Last night I went a Digital Dumbo event where the founders of Refinery29, Of A Kind, and the General Manager of Gilt Man talked about the changing retail environment. 90% of the conversations circled around the open frontier of storytelling to engage an online retail audience.
They all agreed this is the way forward. But while the event started with optimism, it ended in cautionary tales and warnings of peril.
The main point: story sells, too much distracts.
When you’re known as a place to go read, people go to you to read. And after they’re done reading, getting them to buy is hard… they didn’t go to you for that. Sure, you’ll catch some folks, but you’re catching them as an afterthought. And if the products you want to sell are the main attraction, you probably don’t want people looking at them as afterthoughts; especially considering that secondary messaging and use cases only reach a small fraction of a platform’s visitors.
Video was pegged as even worse than editorial. It sucks you in, engages you, and then drops you when its done; the last thing you’re thinking is “I want to shop,” but rather, “I’m done now, thanks.” Conversion rate killer.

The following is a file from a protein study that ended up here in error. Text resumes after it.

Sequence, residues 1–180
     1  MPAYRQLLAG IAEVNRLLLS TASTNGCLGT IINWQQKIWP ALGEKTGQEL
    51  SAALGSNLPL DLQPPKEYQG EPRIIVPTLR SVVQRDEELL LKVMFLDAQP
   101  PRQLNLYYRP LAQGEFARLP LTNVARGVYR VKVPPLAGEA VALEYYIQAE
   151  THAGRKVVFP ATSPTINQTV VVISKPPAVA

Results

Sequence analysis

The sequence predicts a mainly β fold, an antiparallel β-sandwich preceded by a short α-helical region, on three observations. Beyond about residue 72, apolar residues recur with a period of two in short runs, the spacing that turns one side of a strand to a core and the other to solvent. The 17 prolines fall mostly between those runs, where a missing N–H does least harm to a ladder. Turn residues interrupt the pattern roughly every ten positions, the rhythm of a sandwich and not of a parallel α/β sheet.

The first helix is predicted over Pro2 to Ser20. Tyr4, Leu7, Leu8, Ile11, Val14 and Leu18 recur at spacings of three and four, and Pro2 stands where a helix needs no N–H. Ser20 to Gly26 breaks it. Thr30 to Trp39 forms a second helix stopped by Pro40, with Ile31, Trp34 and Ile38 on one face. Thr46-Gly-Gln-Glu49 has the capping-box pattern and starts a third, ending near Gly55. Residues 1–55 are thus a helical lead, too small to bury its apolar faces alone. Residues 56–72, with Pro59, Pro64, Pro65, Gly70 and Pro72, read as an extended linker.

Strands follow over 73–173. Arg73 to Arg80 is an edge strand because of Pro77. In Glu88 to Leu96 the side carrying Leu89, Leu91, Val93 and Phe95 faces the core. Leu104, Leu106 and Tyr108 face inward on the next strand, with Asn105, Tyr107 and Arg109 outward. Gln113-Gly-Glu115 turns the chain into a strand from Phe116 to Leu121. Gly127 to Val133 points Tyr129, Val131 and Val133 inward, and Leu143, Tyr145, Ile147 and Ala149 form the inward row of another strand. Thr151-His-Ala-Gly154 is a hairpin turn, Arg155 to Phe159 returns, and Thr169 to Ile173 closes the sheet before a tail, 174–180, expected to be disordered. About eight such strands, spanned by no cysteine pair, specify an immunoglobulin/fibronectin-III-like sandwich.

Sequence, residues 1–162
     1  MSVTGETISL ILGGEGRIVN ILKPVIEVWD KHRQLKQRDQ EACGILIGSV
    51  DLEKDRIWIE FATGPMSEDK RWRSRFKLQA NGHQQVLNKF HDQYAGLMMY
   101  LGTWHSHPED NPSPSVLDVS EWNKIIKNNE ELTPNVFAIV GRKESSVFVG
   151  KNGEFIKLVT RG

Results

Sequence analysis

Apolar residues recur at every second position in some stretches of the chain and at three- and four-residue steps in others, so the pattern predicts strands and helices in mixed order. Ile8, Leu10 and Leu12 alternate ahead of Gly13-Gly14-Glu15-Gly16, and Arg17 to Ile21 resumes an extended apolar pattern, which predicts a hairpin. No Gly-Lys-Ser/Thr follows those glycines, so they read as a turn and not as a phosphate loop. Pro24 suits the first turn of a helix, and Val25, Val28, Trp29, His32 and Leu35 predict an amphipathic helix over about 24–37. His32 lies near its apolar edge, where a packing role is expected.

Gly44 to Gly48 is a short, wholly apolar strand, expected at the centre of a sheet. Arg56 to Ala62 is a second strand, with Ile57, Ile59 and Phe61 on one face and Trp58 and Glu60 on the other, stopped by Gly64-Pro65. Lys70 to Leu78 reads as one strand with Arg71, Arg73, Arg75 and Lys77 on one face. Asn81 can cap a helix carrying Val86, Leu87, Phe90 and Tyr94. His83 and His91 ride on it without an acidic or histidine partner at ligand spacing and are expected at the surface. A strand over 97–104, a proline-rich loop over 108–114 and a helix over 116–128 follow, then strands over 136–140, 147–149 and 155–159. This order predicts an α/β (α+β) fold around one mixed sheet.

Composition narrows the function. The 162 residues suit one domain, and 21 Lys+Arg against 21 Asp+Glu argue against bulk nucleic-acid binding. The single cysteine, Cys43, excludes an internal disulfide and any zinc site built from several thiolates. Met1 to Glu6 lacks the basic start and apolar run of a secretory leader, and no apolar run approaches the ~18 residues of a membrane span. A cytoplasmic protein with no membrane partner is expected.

However, on the bright side of things, the whole panel agreed that photos are excellent ways to tell stories. They can capture the essence of a product, the world it came from, the environment in which you see yourself wearing it, and different ways to use it. Within one mere photo, if its a good one, that a user can quickly scan it, receive the message, and get motivated to move onto the products positioned right beside it… and buy them.
The last point that was made, which is a testy one if you ask people like Fred Wilson who prefer open, peer-based marketplaces to curation, was that caché still rules the roost. Brands want their stuff in Barney’s and Bergdorfs, and on Fab.com and Gilt, because it means something. It makes the brand look good, and opens up more doors for them, geting them inside the myriads of retailers who want a piece of the glitz, and the press that loves to cover it. And the way these cachéd merchants and platforms get their accredited panache is though their curatorial eyes. This, the panel claims, and I agree, will always have an edge over the click collectors like Amazon, eBay and other non-discriminatory marketplaces.
The moral of the whole story, is that stories are important. Stories sell. But it takes the right story, delivered in the right, non-distraction, value-added way. And a deft hand in creating it.